A $2 Million Step Toward a Tree-Tastic Mies Campus
The nearly two thousand trees flourishing on Illinois Institute of Technology’s Mies Campus offer respite and natural beauty in the midst of Chicago, and a $2 million gift from Alphawood Foundation Chicago will bring the university’s landscape to new heights.
College of Architecture students Jessie Flatley (M.L.A ’22), Erik Schiller (M.ARCH+M.L.A ’22), and Johann Friedl (M.L.A. 5th Year) began searching for a way to celebrate the campus’ canopy with the ArbNet Arboretum Accreditation Program. Their initial work, under the direction of Professor of Landscape Architecture and Urbanism Ron Henderson, has earned the university a national accreditation, founding the Alphawood Arboretum at Illinois Institute of Technology.
“Mies Campus has a landscape personality and character that we want to reinforce,” Henderson says. “This demonstrates the university’s commitment to environmental action, ethics, and integrity.”
Observant Illinois Tech visitors can spy 68 tree species among the university grounds. Alphawood’s grant of $2 million will go toward boosting that number to 100.
“Alphawood Foundation Chicago is thrilled to partner with Illinois Tech on its campus arboretum plan,” Alphawood Executive Director Chirag Badlani says. “Our hope is for students, faculty, staff, and the community to come together to further cultivate and preserve this incredible landscape—strengthening the ties between the historic campus and the Bronzeville community.”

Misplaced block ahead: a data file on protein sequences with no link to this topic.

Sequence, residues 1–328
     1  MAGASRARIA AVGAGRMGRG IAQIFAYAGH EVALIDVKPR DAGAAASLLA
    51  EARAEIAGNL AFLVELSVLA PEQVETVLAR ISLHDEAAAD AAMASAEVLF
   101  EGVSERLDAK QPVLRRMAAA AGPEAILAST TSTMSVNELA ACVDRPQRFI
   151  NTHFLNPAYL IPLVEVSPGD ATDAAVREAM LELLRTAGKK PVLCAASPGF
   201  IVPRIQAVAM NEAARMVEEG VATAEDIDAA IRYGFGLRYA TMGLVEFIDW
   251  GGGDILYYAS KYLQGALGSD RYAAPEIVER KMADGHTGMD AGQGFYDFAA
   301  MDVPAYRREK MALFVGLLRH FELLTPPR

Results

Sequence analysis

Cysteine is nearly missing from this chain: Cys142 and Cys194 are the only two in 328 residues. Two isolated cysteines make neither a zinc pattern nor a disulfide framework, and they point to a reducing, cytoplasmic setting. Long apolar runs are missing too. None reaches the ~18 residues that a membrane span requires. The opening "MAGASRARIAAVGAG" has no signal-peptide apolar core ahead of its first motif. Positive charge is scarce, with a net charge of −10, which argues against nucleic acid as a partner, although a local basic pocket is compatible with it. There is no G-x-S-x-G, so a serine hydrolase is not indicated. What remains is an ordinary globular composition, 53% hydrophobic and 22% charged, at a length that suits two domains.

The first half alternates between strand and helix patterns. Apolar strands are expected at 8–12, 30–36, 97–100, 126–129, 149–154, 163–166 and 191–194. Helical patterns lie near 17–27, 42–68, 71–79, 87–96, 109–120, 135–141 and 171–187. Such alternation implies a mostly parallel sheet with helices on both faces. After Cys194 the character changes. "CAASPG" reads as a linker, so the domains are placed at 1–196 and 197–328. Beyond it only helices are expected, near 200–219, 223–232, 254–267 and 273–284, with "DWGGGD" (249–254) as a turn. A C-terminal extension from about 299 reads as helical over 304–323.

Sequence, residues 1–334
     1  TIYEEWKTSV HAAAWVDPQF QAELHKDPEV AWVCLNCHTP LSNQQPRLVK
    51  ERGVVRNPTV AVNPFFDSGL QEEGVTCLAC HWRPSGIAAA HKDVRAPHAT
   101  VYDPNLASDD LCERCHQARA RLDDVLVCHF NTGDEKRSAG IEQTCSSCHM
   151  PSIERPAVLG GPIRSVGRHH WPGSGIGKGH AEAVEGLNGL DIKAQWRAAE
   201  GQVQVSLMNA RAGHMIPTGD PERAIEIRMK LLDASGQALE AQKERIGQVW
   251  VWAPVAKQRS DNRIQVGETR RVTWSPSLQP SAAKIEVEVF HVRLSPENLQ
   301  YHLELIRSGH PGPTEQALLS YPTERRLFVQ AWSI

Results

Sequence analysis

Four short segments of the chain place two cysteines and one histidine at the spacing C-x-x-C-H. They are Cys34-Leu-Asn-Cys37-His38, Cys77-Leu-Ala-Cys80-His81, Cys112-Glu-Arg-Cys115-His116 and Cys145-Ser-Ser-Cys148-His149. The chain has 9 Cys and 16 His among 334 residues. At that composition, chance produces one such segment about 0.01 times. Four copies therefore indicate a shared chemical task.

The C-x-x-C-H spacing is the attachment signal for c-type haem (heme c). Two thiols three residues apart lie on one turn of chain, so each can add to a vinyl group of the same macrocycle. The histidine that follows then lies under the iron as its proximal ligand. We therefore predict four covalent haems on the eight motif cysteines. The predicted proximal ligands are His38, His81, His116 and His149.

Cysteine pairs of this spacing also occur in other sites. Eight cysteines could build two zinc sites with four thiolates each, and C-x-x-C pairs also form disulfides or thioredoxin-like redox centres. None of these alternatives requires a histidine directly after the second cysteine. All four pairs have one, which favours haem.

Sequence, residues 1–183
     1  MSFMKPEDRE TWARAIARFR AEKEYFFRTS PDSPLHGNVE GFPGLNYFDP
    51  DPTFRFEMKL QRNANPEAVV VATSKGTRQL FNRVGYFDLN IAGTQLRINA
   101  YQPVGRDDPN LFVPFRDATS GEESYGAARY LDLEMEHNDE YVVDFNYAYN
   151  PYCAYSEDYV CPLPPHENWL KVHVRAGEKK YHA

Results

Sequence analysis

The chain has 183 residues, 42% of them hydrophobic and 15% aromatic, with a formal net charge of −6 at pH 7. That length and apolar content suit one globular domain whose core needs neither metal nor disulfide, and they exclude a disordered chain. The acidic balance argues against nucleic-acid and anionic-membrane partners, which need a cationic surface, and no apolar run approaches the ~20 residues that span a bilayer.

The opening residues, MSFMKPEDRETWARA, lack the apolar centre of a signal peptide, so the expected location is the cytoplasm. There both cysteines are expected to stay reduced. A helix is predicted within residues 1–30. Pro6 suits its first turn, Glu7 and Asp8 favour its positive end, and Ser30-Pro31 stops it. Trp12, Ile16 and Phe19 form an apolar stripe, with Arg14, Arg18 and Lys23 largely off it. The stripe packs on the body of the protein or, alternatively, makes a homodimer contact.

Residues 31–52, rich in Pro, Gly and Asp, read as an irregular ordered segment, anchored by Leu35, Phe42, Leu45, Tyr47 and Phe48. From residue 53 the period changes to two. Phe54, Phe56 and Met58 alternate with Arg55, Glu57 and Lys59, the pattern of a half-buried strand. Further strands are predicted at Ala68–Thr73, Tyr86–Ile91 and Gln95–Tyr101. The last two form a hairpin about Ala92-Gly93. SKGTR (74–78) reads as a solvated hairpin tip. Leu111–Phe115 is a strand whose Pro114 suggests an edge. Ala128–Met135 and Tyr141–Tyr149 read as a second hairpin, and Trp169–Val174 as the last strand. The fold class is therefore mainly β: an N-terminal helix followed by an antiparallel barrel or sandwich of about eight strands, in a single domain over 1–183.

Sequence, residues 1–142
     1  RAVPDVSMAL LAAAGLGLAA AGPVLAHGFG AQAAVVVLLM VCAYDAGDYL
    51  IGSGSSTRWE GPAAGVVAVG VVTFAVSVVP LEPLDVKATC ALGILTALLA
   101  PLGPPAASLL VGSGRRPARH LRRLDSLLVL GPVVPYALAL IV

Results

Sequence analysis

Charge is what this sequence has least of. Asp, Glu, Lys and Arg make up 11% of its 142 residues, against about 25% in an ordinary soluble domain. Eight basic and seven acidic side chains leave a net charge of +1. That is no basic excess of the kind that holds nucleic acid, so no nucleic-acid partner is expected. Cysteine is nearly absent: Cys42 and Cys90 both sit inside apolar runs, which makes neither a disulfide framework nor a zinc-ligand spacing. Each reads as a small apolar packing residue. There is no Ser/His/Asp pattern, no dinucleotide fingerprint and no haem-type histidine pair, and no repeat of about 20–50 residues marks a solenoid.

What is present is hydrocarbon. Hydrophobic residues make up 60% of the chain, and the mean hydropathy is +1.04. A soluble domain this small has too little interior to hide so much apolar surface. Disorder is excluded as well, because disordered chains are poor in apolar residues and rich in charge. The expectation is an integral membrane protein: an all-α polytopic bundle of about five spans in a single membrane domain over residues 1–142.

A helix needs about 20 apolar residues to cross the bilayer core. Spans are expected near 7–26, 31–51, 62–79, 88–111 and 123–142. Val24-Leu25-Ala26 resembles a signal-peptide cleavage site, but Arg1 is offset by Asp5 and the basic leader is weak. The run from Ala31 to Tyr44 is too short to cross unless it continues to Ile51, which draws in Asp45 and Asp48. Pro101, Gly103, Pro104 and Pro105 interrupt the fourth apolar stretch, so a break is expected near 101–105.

The $2 million gift includes a new arboretum manager position, lecture and outreach support, and tree planting and maintenance. Mies Campus is the second educational institution in Chicago to be accredited and the first arboretum on Chicago’s South Side. It joins only a handful of Chicago parks, including Garfield Park Conservatory and Lincoln Park, to receive the designation.
Illinois Tech easily met the first accreditation requirement of 25 tree types. Achieving arboretum Level 2 status requires 100 species on campus, though the program is more than the number of tree types. Public access and education celebrating the importance of trees on campus is vital for accreditation and Illinois Tech students, Henderson says.
“This generation of students is expecting environmental activism, and arboretum status demonstrates that as a credential. It’s a platform for studying climate change, urban tree canopies, and global pathogens, all in Chicago,” Henderson says.
To further bring education and research into the program, trees from southern states will be planted on campus to understand how non-indigenous species react to global warming in Chicago. “It’s a climate change lab. It will give us the opportunity to test some more southerly species in an urban environment,” Henderson says. The landscape architecture graduate program will explore sites on the Mies Campus to determine suitable locations for dozens of new trees, while also providing new landscapes for student life outdoors on the campus.
The College of Architecture and the Facilities Department worked together to establish the plan, program, and budget for the creation and stewardship of the arboretum in yet another example of collaboration between academic departments and operations staff at the university. Earlier collaborations have resulted in the campus microgrid, solar energy generation, and research advancing the field of indoor air quality. These are a part of Illinois Tech’s continuing commitment to innovation and collaboration in advancing environmental quality.